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I've been a Roman Catholic for 27 years, but I still remember what it was like to be on the outside looking in. Catholicism, it seemed to me, was an endless maze of theological constructs and traditions that, built layer upon layer, felt more like an archeological dig site than a living faith. Hierarchy, ritual, convents, Tradition with a capital "T"-- all of that looked extraneous, perhaps even destructive to those simply attempting to follow Christ. Encrusting divine truth, after all, is distancing people from it, right? Perhaps. But in retrospect, I find it strangely paradoxical that when I was convinced that Catholicism failed to make God accessible, my own brand of Christianity wasn't very "incarnational."
As Catholics, we possess an almost endless storehouse of spiritual treasure. Among the most brilliant jewels of our faith, however, two shine most brightly: the Eucharist and Mary. I wish with all my heart that I could claim to never have taken either one of these gifts for granted. But this Advent, something marvelous and unexpected has renewed my wonder at God's grace.
Children have the power to bring us back to what matters, to the wonders of the world we live in, and the joy of just being alive. Being with a child does us good because we all need to be reminded what it's like to see something -- anything -- for the first time. But this year, I've been able to take a fresh look at the faith that holds what I hope is a controlling interest in my daily life. That's because one of my very best lifetime friends and the matron of honor at our wedding, has decided to become a Roman Catholic.
Jodie was two or three years ahead of me in school, but we belonged to the same youth group at the Evangelical Free church in Cleveland, Ohio we both attended. She went away to a Christian college in Illinois, and I ended up here at Harvard. We moved in what most would consider opposite directions when it came to Christian faith. I became a Catholic, and she eventually settled into a Quaker congregation. Over the years I've sent her some books, and had a few lengthy conversations about things like Mary and Eucharist, liturgy and saints and priesthood and the papacy. We've talked about "sola scriptura" and "sola fide," about sacramental theology and mystical prayer, and the dysfunctional behavior you can find under every roof and steeple. We've also talked about music and art, kids, and husbands, financial worry, and getting older.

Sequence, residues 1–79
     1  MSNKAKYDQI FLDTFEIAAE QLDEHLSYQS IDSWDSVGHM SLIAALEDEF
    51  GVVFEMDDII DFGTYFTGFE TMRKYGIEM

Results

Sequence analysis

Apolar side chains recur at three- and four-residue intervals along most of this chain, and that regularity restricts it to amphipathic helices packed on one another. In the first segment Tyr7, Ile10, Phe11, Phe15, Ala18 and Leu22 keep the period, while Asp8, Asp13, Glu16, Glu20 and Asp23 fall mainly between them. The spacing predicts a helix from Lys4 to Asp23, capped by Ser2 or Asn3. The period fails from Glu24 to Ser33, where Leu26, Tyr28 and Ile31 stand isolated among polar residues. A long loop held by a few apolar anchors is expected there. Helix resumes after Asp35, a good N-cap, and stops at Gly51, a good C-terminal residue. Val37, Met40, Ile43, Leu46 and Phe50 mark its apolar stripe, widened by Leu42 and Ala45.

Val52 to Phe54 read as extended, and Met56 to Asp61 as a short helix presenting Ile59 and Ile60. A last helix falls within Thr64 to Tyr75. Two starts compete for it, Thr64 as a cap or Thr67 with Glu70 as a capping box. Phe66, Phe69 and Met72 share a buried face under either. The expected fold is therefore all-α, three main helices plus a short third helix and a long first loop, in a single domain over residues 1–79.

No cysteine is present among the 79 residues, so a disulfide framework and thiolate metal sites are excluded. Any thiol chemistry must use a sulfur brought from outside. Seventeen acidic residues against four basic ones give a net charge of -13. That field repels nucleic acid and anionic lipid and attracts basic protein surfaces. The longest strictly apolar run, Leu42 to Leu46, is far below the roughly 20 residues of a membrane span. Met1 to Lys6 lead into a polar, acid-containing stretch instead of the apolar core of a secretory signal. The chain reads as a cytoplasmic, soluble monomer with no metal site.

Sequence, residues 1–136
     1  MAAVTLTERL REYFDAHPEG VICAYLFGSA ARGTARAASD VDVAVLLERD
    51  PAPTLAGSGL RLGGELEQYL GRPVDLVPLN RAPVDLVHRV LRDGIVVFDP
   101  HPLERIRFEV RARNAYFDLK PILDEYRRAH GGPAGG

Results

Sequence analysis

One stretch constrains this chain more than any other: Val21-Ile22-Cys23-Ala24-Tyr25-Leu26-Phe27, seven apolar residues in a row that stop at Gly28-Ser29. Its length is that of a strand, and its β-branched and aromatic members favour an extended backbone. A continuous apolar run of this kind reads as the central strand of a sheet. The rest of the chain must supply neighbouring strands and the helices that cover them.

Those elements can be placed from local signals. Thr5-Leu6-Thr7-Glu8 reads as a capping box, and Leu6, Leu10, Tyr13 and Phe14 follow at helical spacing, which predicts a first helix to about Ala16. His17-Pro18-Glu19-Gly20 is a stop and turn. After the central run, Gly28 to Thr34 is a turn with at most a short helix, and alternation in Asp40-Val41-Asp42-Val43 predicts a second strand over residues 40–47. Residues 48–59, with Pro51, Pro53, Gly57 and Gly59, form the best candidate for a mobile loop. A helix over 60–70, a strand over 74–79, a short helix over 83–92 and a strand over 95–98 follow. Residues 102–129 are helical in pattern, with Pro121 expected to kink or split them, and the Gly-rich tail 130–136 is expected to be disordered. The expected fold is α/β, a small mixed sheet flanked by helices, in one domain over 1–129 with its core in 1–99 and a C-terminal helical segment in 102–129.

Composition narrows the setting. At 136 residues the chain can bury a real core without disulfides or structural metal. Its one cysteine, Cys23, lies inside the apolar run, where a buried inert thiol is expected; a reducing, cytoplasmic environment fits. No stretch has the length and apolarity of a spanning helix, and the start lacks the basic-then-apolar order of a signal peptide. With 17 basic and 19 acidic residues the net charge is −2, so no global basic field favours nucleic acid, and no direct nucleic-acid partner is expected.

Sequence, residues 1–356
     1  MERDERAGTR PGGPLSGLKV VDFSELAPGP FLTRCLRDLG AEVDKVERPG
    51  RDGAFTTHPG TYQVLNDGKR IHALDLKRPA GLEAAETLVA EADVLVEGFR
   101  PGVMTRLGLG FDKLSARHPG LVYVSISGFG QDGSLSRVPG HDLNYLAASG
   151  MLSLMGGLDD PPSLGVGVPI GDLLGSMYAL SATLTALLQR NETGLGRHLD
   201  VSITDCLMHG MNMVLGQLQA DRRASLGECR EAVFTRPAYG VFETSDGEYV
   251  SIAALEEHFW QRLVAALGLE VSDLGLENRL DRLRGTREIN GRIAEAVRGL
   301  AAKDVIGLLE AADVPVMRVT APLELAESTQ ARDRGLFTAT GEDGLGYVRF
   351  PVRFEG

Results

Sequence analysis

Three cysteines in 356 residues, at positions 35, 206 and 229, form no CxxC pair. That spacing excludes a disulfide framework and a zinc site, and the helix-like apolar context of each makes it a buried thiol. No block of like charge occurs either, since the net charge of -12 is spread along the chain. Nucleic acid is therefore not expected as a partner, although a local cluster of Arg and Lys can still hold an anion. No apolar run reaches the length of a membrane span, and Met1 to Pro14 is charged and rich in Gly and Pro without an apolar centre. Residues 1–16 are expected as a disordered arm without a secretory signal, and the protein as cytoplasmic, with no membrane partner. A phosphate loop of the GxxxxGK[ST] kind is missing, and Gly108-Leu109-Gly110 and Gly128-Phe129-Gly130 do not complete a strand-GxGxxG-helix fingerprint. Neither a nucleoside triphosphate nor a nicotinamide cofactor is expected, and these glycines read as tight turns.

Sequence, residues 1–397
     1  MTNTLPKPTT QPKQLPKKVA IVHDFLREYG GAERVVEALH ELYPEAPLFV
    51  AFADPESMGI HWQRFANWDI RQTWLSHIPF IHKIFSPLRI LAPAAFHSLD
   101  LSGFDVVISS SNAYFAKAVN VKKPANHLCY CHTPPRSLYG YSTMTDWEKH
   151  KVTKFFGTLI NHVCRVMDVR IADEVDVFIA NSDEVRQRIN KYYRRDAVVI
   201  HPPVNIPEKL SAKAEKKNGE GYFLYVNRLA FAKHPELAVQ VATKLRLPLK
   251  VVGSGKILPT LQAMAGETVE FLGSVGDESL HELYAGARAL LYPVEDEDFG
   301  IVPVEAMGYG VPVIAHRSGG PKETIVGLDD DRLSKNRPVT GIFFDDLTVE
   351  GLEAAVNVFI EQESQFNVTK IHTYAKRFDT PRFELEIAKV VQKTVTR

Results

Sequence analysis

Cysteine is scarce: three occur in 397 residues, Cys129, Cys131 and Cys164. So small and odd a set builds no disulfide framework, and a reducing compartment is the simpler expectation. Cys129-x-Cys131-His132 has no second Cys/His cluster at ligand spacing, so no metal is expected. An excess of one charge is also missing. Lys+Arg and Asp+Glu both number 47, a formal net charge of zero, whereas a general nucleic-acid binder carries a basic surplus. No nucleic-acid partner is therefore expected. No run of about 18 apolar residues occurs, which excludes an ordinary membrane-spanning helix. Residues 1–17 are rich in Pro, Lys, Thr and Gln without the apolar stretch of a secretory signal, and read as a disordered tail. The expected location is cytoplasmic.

Jodie and I have had radically different adult lives and have faced very different challenges along our respective paths. But while we never talked or emailed a lot, when we do it's always as if we'd been in constant contact all along. Across the gulf of miles and years we've prayed for each other, encouraged each other and challenged each other.
Now, Jodie is brimming with joy over things many of us -- myself included -- have largely stopped noticing. She's excited about Mary, and amazed by Eucharist. She's receptive to our forms of prayer, and both the breadth and depth of our spiritualities. She's even inspired by the music she hears in our churches. (Who would've expected that!)
It makes me happy to know that next Easter Vigil, Jodie will receive Eucharist and taste the goodness of God in Christ. But her pilgrimage to that day is renewing my faith too. She's reminded me how it all felt when it was new to me, and given me a good dose of wonder and gratitude in a season that invites us all to open ourselves to such things again. To those who know and love him best, God is always new. He is always doing something new as well, often where and when we least expect it. Thank you, Jodie, for bringing it all back to me, or maybe more accurately, bringing me back to the mystery of the God who comes to us.
Jaymie Stuart Wolfe is a wife and mother of eight children, and a disciple of the spirituality of St. Francis de Sales. She is an inspirational author, speaker, musician and serves as an Associate Children's Editor at Pauline Books and Media.